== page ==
Let’s keep our fingers crossed and hope that this happens. The video below is a short film compilation of the punk music from Bologna. 

Below are three reviews of Roberto Colombari’s book about the Bologna punk scene, the band’s, the music, the squats and the tribulations for the people around that punk scene. 

“What the book promises can already be understood from the cover: a story of punk and anarchy. Tempi Selvaggi is punk and anarchy for what is written and how it is written, graphics and words together, a new punctuation in a different vocabulary… it’s punk, it’s violence, it’s drugs, it’s sex, it’s anarchy, it’s friendship, it’s style, it’s music and you feel the rhythm as you read it”.

“There is no better and more exhaustive concept than Wild Times in reference to those very early ’80s. Those years were wild and formidable. No nostalgic rhetoric for times when you were in constant and serious danger. We came out alive and strong. Strong in an awareness that another world is possible. Those who were there will easily find themselves in these pages, those who have not been there, can glimpse their traits by imagining them in their ruthless rawness”.

“A tough book. A tough story. A raw style. Page after page, you venture together with Nove – the unsuspecting protagonist of these messed up events – in the streets of Bologna, Reggio Emilia, Irpinia, London. Hear the sound of his heavy steps, declared by slamming amphibians on the pavement. I smelled the stench of rottenness bursting into his brain. You are at his side, jumping, stabbing, elbowing, beating, trying to breathe, sweating and vomiting. Pages full of blood and sweat, of shouted verses and absolutely forgotten chords. Wild Times I kept it good for quite a while. The book came out in April, but I read it in October. I was waiting for the right moment when I would spend days between Bologna and Reggio Emilia. Because I too, like Nove, lived in Bologna my hardest and fullest years, those just after eighteen. Reading her story in those days, I would have felt that anger that blinds your mind and stirs your heart when you are a young punk full of thoughts, drives and music in your brain. In short, I would have lived with him. And I was right to wait, because everything fit together perfectly: the book, the places, the records, the people”. *Read more of this review by Francesca Vantaggiato on this website HERE

This book by Roberto Colombari is available (written in Italian) from HERE

A YouTube video of Roberto Colombari talking about his book (spoken in Italian) below.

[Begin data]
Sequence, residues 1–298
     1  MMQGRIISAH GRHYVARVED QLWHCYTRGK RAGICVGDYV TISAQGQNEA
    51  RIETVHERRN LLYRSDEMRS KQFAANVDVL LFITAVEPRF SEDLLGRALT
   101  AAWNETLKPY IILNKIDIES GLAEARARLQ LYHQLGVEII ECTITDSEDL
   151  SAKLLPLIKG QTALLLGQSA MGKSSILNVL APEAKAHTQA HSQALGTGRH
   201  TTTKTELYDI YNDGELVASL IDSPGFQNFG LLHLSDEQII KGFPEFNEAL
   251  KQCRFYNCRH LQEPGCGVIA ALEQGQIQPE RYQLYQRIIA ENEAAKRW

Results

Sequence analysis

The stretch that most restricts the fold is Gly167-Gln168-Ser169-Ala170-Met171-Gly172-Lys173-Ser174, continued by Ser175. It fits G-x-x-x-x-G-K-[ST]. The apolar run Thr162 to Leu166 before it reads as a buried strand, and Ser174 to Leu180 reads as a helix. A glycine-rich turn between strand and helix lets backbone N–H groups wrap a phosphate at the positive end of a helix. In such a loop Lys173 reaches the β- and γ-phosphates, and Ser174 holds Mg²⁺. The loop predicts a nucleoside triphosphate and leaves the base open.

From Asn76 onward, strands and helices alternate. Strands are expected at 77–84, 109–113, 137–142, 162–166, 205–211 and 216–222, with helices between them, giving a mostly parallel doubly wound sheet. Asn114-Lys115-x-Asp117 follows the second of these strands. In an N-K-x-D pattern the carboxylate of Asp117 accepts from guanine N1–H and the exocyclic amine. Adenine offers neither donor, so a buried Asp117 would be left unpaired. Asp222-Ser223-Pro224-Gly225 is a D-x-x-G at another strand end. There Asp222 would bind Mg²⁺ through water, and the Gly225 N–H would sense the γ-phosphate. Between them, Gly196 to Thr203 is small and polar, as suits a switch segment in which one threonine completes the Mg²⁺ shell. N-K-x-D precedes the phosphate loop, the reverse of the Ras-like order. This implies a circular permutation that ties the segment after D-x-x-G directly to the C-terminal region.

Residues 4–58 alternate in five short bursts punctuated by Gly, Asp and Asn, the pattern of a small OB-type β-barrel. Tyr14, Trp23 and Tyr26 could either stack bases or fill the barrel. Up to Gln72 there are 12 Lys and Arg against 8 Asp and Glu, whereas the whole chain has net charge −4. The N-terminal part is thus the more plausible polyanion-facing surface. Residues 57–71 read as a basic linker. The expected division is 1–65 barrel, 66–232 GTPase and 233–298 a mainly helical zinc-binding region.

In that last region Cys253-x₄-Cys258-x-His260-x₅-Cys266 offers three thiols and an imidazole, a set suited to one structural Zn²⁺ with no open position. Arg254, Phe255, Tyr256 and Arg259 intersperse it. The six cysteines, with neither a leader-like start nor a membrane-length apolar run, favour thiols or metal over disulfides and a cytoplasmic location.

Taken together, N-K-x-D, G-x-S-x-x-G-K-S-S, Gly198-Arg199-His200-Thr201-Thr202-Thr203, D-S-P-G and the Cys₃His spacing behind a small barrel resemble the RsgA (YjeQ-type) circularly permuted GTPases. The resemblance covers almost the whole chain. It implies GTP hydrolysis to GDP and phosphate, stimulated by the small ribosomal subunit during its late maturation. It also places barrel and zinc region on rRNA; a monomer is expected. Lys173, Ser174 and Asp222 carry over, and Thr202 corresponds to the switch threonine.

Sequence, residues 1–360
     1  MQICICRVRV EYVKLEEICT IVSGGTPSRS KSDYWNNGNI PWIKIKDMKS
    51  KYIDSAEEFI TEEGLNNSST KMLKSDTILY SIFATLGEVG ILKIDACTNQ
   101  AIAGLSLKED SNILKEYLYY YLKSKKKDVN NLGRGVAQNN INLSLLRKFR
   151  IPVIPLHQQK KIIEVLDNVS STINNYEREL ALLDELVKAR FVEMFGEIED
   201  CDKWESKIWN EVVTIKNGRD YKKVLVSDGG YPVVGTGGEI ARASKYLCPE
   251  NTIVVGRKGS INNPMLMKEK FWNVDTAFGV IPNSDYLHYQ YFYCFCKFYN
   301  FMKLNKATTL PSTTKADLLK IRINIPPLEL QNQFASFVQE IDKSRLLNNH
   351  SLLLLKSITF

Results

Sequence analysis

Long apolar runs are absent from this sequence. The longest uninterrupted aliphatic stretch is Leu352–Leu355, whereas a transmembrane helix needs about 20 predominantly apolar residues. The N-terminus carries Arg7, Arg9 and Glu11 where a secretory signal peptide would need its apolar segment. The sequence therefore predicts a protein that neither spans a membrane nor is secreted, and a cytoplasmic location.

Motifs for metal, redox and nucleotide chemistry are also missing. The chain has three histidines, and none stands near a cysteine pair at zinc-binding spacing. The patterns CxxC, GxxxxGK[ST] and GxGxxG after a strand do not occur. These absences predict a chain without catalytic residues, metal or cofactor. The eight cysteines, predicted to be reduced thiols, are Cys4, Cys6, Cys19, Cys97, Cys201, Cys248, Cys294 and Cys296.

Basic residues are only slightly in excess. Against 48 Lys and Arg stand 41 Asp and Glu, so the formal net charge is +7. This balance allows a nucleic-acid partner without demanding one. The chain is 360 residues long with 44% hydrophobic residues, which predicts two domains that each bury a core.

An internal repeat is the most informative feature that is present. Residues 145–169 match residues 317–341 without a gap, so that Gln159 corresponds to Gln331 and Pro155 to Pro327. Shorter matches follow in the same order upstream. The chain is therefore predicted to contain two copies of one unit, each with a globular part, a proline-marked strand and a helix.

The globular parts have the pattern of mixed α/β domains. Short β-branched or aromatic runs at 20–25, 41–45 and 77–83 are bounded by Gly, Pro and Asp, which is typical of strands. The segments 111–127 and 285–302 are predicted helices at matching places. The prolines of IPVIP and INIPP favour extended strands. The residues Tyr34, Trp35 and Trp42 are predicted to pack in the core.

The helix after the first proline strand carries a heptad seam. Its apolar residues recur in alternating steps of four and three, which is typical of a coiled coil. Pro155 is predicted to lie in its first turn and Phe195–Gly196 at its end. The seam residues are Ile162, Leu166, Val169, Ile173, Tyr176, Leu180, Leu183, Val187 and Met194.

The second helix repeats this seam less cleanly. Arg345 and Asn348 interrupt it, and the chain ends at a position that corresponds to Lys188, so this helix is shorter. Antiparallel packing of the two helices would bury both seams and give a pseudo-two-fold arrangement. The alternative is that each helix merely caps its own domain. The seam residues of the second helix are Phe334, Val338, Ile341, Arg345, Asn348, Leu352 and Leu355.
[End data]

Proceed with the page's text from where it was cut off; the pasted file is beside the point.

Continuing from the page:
Laura Carroli with the red leggings (in Tony D’s colour photograph above) alongside Jumpy, with the red straps on trousers, is now known as Helena Velena, and is now promoting transgender affairs.

Check Helena’s Wikipedia entry HERE for details.

Two YouTube videos featuring Jumpy are below. The first video is a short film (spoken in Italian) on RAF Punk, the Bologna punk scene, the music, the people, the squats and presumably, the daily tribulations of those days with the authorities. The second video is a live performance of Helena’s band. 

  1. Graham Burnett
    Graham Burnett
    February 22, 2013 at 6:55 pm

    Flippin hell! These take me back! I remember being sent these at the time – I’m pretty sure the first one (the comp with Stalag 17, RAF Punks, Anna Falks and Bacteria) came out in 1981 though, I’m sure I was still living at home when I recieved this one in the post, I didn’t move to my own place until the beginning of 1982?

    Apparently a load of Italian punks turned up looking for me at my mum’s house (which I was still using as the postal adress for New Crimes HQ) in the summer of 1982 when I was away on holiday, I wasn’t there (obviously) so they ended up staying with her for a few days which she found quite hard work – they couldn’t speak any English and she couldn’t speak any Italian, and they were quite ‘in yer face’ – she remembers that a couple of local skinheads happened to be walking past the house and they started shouting ‘fuck off fascistas!!’ at them at the top of their voices, which she totally could have done without!!!

  2. Chris L
    Chris L
    February 23, 2013 at 2:11 am

    Graham, Didn’t you do a feature on RAF Punks/the Italian punk scene in an issue of New Crimes?

    Think there may have been a feature on it in an issue of Toxic Grafitti too…?

    Haven’t listened to the above uploads yet but I was given a copy of the CCCP “Live In Pankow” retrospective LP a while back. Absolutely AMAZING album. Some great live clips up on YouTube too.

    Will definately be back to this post.

  3. titus
    February 23, 2013 at 2:28 am

    simply amazing
    thank you!

  4. Penguin
    Penguin • Post Author •
    February 23, 2013 at 10:14 am

    Chris, ensure you check out ‘Attack’ by Sottoculture from the ‘Papi, Queens, Reichkanzlers & Presidennti‘ EP (SECOND ATTACK 1982). Second record, second side of that record, third track. The tambourine (sleigh bells?) at the very start gets, ahem, NOISED OUT a few seconds later so do not worry. Fairport Convention this aint!

  5. Graham Burnett
    Graham Burnett
    February 23, 2013 at 10:41 am